Free Ebook.

Enter your email address:

Delivered by FeedBurner

« The Economics of Snow Removal | Main | Great Allowance Idea »

February 26, 2008


Feed You can follow this conversation by subscribing to the comment feed for this post.

Lump sum investing will often result in higher returns over long periods of time, but not always. If the market drops significantly immediately after you buy in with your lump-sum, it will turn out that DCAing will have been the better long-term choice. If not, lump sum investing will have been the better choice. If it were me, I would decide between the two options based on market valuations. In 2000, I would have DCA'd since the market P/E was in the high 20's. If it were 2002, I would have lump-summed it since the P/E was far more reasonable. In today's market, I would lump-sum it. Some might call this market timing, but I think value-averaging is closer to correct. In practice, I would only choose to DCA in cases where the market was obviously over-valued, as was the case in 1999.

I would like to make a point though that if someone does not have a large amount up front of cash to put into an investment that DCA still is a fine option. Setup an automatic transfer each month (Most will let you do this for amounts as little as $50/mth) if you are afraid you won't be able to save up the lump sum amount.

You two are using the same reasoning. The "downside" of having too much cash in the article is the overly conservative asset allocation. This is the same concern you have.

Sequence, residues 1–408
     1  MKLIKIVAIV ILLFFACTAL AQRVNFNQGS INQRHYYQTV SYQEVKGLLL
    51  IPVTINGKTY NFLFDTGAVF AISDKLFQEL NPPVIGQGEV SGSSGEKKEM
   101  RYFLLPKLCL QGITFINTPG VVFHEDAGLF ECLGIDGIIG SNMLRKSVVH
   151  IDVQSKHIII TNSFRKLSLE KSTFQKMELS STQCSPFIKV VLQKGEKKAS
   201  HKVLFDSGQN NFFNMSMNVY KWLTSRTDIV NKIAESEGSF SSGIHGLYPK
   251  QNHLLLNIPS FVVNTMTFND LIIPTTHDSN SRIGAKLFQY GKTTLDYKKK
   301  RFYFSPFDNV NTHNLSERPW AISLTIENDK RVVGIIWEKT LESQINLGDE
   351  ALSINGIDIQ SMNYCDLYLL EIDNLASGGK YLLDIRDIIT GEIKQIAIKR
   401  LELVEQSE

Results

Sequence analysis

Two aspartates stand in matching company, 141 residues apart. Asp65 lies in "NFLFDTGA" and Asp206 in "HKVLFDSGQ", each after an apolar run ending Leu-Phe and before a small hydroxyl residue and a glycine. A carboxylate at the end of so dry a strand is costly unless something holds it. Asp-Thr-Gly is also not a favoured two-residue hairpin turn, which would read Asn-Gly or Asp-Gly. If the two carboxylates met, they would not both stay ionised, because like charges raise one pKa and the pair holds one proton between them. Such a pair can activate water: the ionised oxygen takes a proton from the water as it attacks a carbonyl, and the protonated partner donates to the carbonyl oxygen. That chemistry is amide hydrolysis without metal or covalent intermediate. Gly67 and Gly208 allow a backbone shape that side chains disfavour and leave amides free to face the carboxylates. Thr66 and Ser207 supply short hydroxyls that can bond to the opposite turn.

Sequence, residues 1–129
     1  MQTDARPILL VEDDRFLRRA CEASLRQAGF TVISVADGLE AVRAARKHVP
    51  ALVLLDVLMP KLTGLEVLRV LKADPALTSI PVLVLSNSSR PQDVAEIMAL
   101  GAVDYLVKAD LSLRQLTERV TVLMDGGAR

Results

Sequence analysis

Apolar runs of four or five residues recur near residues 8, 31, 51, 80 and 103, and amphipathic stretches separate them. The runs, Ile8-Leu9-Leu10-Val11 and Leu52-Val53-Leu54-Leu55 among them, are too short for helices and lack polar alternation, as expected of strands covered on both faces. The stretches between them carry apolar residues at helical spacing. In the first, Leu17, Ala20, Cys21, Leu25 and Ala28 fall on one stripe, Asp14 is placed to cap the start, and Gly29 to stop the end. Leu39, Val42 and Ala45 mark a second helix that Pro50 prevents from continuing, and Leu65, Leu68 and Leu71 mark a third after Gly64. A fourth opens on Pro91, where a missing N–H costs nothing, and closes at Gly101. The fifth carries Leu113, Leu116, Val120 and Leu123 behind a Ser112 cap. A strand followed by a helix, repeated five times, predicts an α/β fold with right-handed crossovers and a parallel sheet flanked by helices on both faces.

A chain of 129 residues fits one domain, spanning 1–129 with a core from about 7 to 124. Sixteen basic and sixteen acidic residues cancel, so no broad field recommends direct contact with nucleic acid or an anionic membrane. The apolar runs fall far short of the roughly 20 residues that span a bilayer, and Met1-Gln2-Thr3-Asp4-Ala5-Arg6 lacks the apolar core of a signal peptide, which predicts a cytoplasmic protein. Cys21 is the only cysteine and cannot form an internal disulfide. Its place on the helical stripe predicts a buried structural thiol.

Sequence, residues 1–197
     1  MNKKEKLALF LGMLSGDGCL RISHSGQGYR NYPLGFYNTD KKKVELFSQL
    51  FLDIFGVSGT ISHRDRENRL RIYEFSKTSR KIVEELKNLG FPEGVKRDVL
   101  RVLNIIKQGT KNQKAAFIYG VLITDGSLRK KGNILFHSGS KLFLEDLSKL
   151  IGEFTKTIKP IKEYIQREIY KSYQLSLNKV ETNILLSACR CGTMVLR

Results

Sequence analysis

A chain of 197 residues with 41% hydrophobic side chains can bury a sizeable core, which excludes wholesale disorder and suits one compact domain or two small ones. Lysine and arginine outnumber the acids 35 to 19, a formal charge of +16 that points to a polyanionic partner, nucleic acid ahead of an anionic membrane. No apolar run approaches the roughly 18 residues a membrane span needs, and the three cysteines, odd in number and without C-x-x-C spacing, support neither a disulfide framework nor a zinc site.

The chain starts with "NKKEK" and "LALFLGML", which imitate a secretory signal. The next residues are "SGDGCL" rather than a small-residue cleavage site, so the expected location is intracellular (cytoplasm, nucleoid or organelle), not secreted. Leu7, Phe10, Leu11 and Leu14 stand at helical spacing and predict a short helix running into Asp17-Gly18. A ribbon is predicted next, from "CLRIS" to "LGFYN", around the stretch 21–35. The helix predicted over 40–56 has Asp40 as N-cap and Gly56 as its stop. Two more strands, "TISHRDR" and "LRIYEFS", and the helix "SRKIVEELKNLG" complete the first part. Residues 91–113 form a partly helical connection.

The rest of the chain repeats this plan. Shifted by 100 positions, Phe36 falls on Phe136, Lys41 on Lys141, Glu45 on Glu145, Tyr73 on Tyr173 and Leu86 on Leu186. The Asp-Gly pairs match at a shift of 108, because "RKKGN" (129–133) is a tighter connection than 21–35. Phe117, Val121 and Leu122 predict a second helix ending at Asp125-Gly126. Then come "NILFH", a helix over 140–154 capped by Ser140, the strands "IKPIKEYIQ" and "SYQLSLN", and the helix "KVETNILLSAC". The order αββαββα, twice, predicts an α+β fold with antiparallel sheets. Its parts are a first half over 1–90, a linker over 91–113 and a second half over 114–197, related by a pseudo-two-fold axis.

Dollar cost averaging is a boneheaded idea. Investing asap is a better one. When you have recurring income (from a paycheck, for instance), the two are equivalent, and I think that's where people get confused. Don't save up to invest large sums. But don't withhold investing to invest small sums.

Simple argument:
(1) Invested money produces positive returns over time, on average.
(2) Although there are periods of negative returns, it is impossible to predict when those periods will occur with any certainty.
(3) It logically follows from #1 and #2 that the optimal strategy to maximize returns is to maximize the amount of money you have in the market and to maximize the amount of time your money spends in the market.

It was said above, but it bears repeating: for most people, investing the lump sum is dollar cost averaging. If you are setting aside some each month to invest, there's little point to further spread that out over time. Invest the money and let your continued investment be your method of getting "cost averaging".

If you need to save up before you can invest, I see nothing wrong with having the money going to a cash account until you have enough to purchase your investment if that helps you get there. But don't think that has anything to do with dollar cost averaging. Until you actually by shares of the stock or mutual fund, all you have done is move funds around. It may be helpful to your investment strategy, but it isn't dollar cost averaging.

Or in your example, FMF, let your annual contribution, over time, be your form of dollar cost averaging.

Most people probably aren't in a position to fund their IRA in full at the start of a year. So they are more clearly dollar cost averaging by default. But the bottom line should be: if you set it aside for investment, invest it.

Hmmm ... I'm in this boat right now, and the biggest issue is the one that we are all told to ignore ... it's MARKET TIMING.

You need to decide FIRST if you are comfortable investing into an asset class right now, ONLY THEN should go ahead and invest as quickly as the opportunities allow.